equipment with ethanol blends exist, literature suggests that 
intermediate ethanol blends may have the most degrading effect on some 
UST system materials. A recent study performed by U.S. Department of 
Energy's Oak Ridge National Laboratory indicates some elastomeric 
materials are particularly affected by intermediate ethanol blends and 
certain sealants may not be suitable for any ethanol-blended fuels.\2\ 
A 2007 report from UL \3\ evaluated the effect of 85 percent ethanol 
and 25 percent ethanol blends on dispenser components. Results 
indicated some materials used in the manufacture of seals were degraded 
more when exposed to the 25 percent ethanol test fluid than when 
exposed to the 85 percent ethanol test fluid. Other literature suggests 
alcohol fuel blends can be more aggressive toward certain materials 
than independent fuel constituents, with maximum polymer swelling 
observed at approximately 15 percent ethanol by volume.\4\
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    \2\ Oak Ridge National Laboratory, ``Intermediate Ethanol Blends 
Infrastructure Materials Compatibility Study: Elastomers, Metals, 
and Sealants'' (March 2011). Available in the UST Docket under 
Docket ID No. EPA-HQ-UST-2010-0651.
    \3\ Underwriters Laboratories, Inc., ``Underwriters Laboratories 
Research Program on Material Compatibility and Test Protocols for 
E85 Dispensing Equipment'' (December 2007). Available in the UST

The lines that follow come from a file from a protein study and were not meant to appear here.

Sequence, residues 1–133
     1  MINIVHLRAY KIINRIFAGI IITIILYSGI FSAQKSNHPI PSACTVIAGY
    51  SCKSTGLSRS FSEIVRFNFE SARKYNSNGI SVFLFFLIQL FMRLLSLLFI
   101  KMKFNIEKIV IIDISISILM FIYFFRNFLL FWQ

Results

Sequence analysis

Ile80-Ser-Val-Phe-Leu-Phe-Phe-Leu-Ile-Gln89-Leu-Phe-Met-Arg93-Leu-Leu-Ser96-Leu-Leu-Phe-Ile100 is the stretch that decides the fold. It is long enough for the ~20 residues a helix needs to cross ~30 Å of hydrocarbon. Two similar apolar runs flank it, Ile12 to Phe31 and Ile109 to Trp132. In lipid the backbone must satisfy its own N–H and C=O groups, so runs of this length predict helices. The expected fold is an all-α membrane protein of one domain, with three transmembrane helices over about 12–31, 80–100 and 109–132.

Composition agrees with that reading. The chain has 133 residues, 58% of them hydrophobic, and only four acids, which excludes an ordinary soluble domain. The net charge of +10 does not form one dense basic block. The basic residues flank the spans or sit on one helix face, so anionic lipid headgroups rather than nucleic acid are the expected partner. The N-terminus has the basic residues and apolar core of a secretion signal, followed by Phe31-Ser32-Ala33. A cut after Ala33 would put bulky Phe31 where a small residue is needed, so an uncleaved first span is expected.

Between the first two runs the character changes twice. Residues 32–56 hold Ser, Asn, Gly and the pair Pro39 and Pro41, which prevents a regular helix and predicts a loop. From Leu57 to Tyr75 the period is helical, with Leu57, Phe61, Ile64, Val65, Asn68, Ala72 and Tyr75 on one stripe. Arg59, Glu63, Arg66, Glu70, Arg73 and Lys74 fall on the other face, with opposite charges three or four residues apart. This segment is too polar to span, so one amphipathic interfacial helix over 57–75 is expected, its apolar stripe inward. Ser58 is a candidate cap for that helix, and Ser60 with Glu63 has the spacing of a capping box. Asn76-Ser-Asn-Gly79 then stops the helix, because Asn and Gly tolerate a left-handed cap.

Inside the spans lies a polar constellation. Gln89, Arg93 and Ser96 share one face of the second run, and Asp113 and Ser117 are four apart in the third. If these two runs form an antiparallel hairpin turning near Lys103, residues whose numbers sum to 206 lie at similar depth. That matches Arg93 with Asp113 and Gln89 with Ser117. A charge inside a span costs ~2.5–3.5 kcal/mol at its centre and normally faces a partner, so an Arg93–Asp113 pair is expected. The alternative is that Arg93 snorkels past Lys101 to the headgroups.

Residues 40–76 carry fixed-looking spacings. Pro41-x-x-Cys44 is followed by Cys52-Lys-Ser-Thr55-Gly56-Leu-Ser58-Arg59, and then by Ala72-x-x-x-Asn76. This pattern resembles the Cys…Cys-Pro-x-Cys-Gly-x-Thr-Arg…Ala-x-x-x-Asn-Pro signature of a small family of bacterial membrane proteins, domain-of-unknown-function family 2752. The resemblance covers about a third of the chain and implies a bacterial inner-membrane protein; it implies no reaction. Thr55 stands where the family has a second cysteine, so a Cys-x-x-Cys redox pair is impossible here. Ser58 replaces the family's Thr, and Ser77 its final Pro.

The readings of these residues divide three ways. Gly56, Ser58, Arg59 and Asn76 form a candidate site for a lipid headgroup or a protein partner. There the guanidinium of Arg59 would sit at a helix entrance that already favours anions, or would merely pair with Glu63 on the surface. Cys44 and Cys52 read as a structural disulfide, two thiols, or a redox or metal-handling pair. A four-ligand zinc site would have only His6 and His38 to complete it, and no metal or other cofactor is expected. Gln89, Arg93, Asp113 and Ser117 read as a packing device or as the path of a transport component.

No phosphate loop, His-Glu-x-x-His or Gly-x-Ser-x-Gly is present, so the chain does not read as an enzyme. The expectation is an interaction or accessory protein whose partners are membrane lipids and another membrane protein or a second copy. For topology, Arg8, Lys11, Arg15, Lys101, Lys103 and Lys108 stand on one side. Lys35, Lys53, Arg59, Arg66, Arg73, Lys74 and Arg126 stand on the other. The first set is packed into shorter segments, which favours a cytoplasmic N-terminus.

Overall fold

Docket under Docket ID No. EPA-HQ-UST-2010-0651.
    \4\ Westbrook, P.A., ``Compatibility and Permeability of 
Oxygenated Fuels to Materials in Underground Storage and Dispensing 
Equipment'' (January 1999). Available in the UST Docket under Docket 
ID No. EPA-HQ-UST-2010-0651.

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[[Page 39097]]

2. Compatibility of UST Equipment With Biodiesel-Blended Fuel
    In addition to ethanol, biodiesel is becoming increasingly 
available across the United States, though its total use is 
significantly less than that of ethanol-blended gasoline. EPA 
understands some tank owners are storing blends of biodiesel and 
petroleum diesel ranging from 2-99 percent biodiesel (B2-B99, 
respectively) in UST systems, with the vast majority of biodiesel tanks 
storing biodiesel at concentrations of 20 percent (B20) or less. 
Although there is little information available regarding the 
compatibility of UST system equipment with biodiesel blends, there are 
known compatibility issues for pure biodiesel (B100). According to the 
U.S. Department of Energy's National Renewable Energy Laboratory (NREL) 
Biodiesel Handling and Use Guide, Fourth Edition,\5\ ``B100 will 
degrade, soften, or seep through some hoses, gaskets, seals, 
elastomers, glues, and plastics with prolonged exposure * * * Nitrile 
rubber compounds, polypropylene, polyvinyl, and Tygon[reg] materials 
are particularly vulnerable to B100.''
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    \5\ National Renewable Energy Laboratory, ``Biodiesel Handling 
and Use Guide, Fourth Edition.'' (2009). Available in the UST Docket 
under Docket ID No. EPA-HQ-UST-2010-0651.
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    In contrast, the properties of very low blends of biodiesel (B5 or 
less) are so similar to those of petroleum diesel that ASTM 
International (ASTM) considers conventional diesel that contains up to 
5 percent biodiesel to meet its ``Standard Specification for Diesel 
Fuel Oils''.\6\ For biodiesel blends between 5 and 100 percent, there